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The Black Emperor of Broadway

USA 2020
produced by
Arthur Egeli for Egeli Productions
directed by Arthur Egeli
starring Shaun Parkes, John Hensley, Nija Okoro, Nick Moran, Liza Weil, Lonnie Farmer, Nicholas Dorr, Eve Annenberg, Heather Egeli, Alexandra Foucard, Daniel Washington, Sarah MacDonnell, Tim Misuradze, John Clayton, Stuard Derrick, Ian Bowater, Christina Egeli, Will Oxtoby, Michael James Dreyer, Adrienne Earle Pender, Seneeca Wilson, Chev Hardy, Kayleigh Brown, Janey David, Fred Biddle, Leslie Lobell, Bryce Egeli, Paul Hickey, Roger A. Chauvette, James Little, Dave Loving, Tim Costigan, Anna McEntee, Issa Coulibaly, Charles Daniel, Larry Mahan
screenplay by Ian Bowater, based on the play by Jason Solowsky, based on the lives of Charles S. Gilpin & Eugene O'Neill, music by Adrienne Earle Pender

Emperor Jones

review by
Mike Haberfelner

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Charles S. Gilpin (Shaun Parkes) is an actor with a passion, and heaps of talent to go with it - but he's also black, which means he had to whither away playing minstrel shows for years, never really being able to accept their demeaning content. So by the 1910s he said no more and settled down in New York in an attempt to getting onto some of the local stages, the goal of course being Broadway - something unheard of back when. But he works his way up steadily, and eventually playing Reverend William Curtis in a 1919 play about Abraham Lincoln gets him his first mainstream acclaim. However, when that way closes it's back for Gilpin to menial jobs ...

It's 1920, and recent Pullitzer Prize laureat Eugene O'Neill's (John Hensley) company casts his play Emperor Jones for a Broadway run - and to the dismay of everyone on the company, O'Neill insists on a black man in the lead role instead of the then customary white man in blackface - and after being turned down by Paul Robeson (Daniel Washington), another popular actor of the era (in the film, in fact Robeson didn't staret out until a little later), O'Neill decides on Gilpin. Gilpin is happy to accept the role, but is opposed to the constant use of the n-word in O'Neill's play, insisting black people don't use it talking to each other, while O'Neill takes the educated white man position of knowing better because he says so, and insists on Gilpin sticking to his script verbatim. Gilpin does for the premiere, and he as well as the play get rave reviews. But since the praise for his performance outweighs the praise for the writing, he makes the role more and more his in future performances, abolishes the n-word more and more - much to the dismay of O'Neill, who sneaks into performances every now and again. This conflict doesn't reast easy on either man, and while Gilpin starts drinking more and more to compensate for the lack of approval from O'Neill, which eventually leads to his wife (Nija Okoro) leaving him, O'Neill starts to actively looking for a replacement, to the disapproval of some of his stock company members, and eventually when the play's picked up by a bigger theatre, Gilpin is dropped ...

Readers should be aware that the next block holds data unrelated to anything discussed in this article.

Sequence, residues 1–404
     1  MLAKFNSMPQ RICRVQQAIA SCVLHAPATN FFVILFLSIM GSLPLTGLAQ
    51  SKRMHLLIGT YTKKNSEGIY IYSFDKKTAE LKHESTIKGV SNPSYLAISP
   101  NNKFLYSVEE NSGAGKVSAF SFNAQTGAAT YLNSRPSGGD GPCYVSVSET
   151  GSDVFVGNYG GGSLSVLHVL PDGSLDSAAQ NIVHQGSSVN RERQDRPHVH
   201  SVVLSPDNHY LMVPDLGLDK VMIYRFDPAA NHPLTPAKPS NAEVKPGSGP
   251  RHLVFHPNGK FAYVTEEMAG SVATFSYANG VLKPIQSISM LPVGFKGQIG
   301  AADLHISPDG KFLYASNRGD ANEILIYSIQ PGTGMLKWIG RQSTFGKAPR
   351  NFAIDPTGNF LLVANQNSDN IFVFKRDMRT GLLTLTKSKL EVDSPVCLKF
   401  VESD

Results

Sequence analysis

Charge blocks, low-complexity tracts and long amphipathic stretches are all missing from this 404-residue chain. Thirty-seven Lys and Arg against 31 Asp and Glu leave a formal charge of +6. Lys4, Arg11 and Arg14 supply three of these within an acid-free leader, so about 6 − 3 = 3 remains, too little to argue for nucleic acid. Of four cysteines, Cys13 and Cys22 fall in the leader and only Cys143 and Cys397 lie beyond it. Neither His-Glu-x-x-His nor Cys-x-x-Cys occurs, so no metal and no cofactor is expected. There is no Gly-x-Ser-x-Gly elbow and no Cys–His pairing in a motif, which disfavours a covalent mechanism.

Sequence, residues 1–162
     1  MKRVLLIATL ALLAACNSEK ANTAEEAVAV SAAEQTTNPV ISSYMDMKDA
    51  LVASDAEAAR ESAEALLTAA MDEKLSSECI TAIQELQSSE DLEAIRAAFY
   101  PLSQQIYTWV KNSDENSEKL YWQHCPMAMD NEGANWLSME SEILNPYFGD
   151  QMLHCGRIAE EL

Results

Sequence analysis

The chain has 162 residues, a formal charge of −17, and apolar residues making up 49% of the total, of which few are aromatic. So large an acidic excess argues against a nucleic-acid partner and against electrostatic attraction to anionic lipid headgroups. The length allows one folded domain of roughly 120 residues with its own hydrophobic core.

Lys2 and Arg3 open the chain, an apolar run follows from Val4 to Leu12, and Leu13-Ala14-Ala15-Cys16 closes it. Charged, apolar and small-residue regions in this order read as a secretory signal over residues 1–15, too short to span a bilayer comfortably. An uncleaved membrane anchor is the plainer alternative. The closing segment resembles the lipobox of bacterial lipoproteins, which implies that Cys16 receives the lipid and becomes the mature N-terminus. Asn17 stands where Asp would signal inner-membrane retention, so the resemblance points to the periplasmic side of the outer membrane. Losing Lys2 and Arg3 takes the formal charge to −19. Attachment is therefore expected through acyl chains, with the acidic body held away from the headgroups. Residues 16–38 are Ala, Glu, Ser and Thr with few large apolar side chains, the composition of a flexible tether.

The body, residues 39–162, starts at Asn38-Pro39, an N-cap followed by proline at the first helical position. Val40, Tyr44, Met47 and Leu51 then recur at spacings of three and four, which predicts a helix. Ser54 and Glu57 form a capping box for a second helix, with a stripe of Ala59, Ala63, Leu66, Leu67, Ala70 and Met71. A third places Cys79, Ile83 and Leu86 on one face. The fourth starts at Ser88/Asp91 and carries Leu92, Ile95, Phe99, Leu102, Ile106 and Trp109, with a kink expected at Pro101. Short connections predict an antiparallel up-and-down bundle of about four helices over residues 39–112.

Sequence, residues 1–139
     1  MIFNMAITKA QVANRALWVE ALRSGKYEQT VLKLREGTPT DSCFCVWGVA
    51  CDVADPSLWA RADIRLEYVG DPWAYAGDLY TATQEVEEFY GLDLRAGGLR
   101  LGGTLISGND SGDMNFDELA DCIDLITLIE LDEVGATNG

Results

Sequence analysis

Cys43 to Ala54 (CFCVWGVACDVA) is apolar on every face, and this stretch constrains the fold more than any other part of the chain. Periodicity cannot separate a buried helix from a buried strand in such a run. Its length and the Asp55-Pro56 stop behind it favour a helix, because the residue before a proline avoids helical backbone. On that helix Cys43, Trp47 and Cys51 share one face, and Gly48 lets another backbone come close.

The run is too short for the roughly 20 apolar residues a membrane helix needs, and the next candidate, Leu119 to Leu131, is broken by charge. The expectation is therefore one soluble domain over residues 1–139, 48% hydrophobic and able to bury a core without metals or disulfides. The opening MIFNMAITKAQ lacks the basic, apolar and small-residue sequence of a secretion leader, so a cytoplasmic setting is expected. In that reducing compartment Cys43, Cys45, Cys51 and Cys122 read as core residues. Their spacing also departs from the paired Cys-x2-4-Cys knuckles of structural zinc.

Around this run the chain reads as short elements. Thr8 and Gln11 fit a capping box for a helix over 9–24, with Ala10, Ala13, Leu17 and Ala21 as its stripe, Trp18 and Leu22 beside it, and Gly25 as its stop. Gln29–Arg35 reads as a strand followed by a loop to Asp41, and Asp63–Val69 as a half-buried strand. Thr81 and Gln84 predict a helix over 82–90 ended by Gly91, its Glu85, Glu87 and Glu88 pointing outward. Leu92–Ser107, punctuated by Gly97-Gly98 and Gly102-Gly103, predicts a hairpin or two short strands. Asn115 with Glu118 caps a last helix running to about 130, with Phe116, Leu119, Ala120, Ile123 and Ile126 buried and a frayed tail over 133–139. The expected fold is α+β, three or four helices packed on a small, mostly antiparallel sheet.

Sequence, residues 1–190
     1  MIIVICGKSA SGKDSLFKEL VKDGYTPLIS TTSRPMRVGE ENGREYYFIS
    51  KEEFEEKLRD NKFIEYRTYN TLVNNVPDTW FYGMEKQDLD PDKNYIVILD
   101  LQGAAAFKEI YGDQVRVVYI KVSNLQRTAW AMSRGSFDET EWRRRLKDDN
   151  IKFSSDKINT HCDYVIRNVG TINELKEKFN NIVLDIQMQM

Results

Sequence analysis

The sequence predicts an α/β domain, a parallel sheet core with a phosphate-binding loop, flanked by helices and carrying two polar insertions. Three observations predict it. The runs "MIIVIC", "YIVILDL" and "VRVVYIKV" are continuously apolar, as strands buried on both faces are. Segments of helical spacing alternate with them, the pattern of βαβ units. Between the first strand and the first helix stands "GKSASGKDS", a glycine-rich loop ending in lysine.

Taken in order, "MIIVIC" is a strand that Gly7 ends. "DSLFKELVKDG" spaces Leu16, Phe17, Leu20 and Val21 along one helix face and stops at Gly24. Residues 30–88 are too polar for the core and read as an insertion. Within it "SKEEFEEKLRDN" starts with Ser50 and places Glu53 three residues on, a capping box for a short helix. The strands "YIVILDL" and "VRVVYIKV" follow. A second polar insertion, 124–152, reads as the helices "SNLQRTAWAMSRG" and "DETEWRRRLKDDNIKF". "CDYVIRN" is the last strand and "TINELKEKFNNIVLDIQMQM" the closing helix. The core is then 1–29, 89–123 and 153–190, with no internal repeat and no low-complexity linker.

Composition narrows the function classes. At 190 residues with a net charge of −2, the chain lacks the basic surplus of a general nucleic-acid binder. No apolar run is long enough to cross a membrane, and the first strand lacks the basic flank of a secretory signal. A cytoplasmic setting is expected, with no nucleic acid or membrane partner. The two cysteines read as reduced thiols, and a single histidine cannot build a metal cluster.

Now if you, like me, aren't really into theatre and know little of its history, this story from a hundred years has probably passed you by so far ... and yet it's a groundbreaking and also poignant one - maybe even more so today than back when. However, this is not a film that preaches, and it does a great job to dramatize its plot in a way that speaks to a general audience, much more through its subtlety than any spectacle. And Shaun Parkes does a great job carrying the film supported by a very able and relatable ensemble, making this a pretty cool movie.

 

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review © by Mike Haberfelner

 

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On the same day
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directed by
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